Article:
Cracks in the Russian Regime

Members of the Federal Security Service work outside Moscow

From Lucian Kim, the International Herald Tribune:  The suicide bombing at Moscow’s busiest airport last Monday exposed more than a failure by security services to man metal detectors or extinguish potential threats. The terrorist attack, which killed 35 people and injured more than 100, revealed cracks in the rigid political system that Prime Minister Vladimir Putin built over the last decade. It was those weaknesses that made last week’s tragedy possible — and provide the conditions for new attacks.

Terrorist acts by definition prey on the vulnerabilities of governments and their security agencies. No country, no matter how well-prepared, can consider itself immune to such strikes. Terrorists have targeted metropolises like New York, London, Madrid and Stockholm in recent years.

What makes Moscow stand out is the regularity of attacks and the government’s inability to thwart recurrences.

The Russian capital has suffered eight major terrorist acts over the past decade, according to Vedomosti newspaper’s count, including the 2002 Dubrovka theater siege and subway bombings in 2004 and 2010. Headlines about political assassinations and bomb blasts in Russia’s North Caucasus region — where an Islamist insurgency has mutated out of Chechnya’s separatist struggle of the 1990s — are so frequent that they rarely dominate the local news cycle for more than a few hours. …

The unsolved murders of government critics are often cited as evidence of a callous police state. In fact, the killings better illustrate the extent to which state control has broken down. Corruption and a lack of accountability mean that law enforcement agencies have largely abdicated their intended functions. Sixty percent of Russians believe cops are primarily concerned with “securing their own interests,” while 24 percent think the police consider citizens’ safety a priority, according to a Levada Center poll published in November.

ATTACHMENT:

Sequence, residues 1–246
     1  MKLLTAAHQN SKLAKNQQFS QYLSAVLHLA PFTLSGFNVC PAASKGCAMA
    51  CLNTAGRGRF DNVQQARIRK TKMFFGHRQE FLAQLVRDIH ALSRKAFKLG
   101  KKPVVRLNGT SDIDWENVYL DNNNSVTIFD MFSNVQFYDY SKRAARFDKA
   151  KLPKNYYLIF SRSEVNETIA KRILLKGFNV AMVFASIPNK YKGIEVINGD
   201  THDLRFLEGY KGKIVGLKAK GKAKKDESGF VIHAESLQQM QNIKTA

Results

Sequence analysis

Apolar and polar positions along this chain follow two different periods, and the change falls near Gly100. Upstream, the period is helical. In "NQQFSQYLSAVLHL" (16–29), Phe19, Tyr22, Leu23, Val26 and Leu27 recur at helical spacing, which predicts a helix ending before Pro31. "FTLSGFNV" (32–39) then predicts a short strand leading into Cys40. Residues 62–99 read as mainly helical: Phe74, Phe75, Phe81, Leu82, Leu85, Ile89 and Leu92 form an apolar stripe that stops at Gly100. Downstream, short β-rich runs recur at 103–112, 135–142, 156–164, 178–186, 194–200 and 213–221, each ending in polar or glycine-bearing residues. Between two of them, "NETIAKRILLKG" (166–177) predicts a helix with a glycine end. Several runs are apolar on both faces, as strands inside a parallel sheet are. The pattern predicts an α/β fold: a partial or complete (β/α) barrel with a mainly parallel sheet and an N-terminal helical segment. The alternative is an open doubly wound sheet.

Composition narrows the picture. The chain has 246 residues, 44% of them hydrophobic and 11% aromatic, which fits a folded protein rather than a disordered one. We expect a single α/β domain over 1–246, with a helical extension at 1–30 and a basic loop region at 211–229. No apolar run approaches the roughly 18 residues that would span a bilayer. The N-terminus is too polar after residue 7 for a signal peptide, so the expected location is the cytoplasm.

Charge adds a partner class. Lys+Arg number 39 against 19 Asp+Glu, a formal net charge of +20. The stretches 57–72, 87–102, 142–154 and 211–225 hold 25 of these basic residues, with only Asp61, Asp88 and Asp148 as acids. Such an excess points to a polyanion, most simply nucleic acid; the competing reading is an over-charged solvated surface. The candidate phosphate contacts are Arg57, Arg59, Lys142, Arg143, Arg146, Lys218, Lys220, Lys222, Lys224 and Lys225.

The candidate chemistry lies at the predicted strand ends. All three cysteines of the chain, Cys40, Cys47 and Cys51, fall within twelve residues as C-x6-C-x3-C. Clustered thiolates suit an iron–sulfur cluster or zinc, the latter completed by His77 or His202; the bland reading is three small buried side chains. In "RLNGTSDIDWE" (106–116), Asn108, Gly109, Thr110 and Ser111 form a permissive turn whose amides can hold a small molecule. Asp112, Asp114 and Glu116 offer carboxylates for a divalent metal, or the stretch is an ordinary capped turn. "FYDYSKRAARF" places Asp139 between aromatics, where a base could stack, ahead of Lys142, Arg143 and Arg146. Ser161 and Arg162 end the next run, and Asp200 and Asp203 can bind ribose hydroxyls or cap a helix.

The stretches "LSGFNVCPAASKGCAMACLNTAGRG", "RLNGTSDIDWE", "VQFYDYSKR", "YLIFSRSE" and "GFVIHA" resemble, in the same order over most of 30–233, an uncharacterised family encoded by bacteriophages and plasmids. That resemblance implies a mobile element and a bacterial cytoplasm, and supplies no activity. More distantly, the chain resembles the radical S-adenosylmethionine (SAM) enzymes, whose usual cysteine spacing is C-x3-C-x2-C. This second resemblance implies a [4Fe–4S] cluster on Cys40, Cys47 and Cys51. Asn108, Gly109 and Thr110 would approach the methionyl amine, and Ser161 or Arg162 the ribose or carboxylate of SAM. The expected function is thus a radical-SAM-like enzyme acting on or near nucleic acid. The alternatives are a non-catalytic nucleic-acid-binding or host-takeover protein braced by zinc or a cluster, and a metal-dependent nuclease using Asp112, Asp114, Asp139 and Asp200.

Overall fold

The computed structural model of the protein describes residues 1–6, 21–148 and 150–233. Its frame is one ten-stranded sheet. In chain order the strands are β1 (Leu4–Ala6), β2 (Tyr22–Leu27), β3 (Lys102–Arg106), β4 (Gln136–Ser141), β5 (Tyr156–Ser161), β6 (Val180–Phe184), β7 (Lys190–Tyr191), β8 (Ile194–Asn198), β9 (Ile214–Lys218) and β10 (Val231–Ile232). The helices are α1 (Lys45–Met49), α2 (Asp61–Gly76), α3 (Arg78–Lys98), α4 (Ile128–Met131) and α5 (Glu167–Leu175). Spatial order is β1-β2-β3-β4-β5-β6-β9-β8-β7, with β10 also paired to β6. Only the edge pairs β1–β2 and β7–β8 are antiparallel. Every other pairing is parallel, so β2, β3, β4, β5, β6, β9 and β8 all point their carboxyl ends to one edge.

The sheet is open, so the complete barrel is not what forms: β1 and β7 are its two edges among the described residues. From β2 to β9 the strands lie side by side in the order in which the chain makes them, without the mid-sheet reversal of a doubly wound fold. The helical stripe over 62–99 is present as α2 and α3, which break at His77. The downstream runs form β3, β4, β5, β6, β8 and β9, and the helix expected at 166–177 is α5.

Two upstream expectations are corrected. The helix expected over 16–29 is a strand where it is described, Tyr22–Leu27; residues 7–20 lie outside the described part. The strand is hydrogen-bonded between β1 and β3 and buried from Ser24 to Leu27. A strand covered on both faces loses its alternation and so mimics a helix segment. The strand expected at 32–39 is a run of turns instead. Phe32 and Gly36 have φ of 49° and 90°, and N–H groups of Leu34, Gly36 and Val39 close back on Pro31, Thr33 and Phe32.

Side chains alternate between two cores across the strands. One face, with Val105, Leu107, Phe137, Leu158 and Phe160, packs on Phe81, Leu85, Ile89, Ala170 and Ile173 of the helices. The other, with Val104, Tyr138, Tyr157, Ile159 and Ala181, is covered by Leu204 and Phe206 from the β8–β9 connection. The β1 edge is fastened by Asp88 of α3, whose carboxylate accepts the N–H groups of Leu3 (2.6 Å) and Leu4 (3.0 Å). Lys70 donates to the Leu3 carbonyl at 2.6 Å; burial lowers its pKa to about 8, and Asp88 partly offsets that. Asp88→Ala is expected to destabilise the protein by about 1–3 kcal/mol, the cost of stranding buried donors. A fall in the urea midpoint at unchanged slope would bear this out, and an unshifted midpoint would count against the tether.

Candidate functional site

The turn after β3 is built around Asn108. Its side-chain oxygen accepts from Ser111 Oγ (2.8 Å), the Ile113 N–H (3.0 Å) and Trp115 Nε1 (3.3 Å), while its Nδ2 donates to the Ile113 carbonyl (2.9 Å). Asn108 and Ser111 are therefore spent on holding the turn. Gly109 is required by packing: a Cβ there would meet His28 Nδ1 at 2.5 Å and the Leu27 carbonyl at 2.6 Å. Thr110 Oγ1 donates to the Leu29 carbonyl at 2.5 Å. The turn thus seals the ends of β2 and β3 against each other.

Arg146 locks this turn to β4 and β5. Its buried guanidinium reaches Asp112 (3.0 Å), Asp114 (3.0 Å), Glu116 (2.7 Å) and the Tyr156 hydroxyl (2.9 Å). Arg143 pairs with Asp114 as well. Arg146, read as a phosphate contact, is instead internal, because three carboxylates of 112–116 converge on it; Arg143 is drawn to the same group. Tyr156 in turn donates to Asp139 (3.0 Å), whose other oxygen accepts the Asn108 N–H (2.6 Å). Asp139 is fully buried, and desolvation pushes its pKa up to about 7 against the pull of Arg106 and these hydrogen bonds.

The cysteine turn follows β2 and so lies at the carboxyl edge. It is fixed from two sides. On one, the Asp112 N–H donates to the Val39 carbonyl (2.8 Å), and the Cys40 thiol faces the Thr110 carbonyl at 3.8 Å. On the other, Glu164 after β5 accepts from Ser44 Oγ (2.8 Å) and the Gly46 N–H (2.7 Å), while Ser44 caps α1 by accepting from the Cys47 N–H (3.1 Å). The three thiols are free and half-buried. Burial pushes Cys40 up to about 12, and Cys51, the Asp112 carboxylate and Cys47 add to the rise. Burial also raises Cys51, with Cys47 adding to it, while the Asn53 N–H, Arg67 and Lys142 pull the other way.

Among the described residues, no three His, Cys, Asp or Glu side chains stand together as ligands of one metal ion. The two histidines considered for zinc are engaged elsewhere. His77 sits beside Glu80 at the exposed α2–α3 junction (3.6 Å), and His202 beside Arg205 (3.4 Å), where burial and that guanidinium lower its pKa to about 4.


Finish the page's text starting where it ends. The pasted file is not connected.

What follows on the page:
As if having a bloated but incompetent police force weren’t bad enough, Russia faces the additional problem that its terrorist threat is coming from inside its borders. …

The paradox of the costly retention of Chechnya is that few Russians view the North Caucasus as an integral part of Russia worth keeping. Just three days before the Domodedovo attack, Putin pledged the region $13.5 billion in investments this year. Yet the thousands of chauvinists who chanted “Russia for Russians” at a rally outside the Kremlin walls in December were not just demanding the expulsion of North Caucasus diasporas but also the abandonment of a region seen as leeching off Moscow. The airport bombing only heightens the potential for interethnic strife.

Lucian Kim is a journalist who has worked in Russia since 2003. He is working on a book about the Putin era.  (photo: Reuters)

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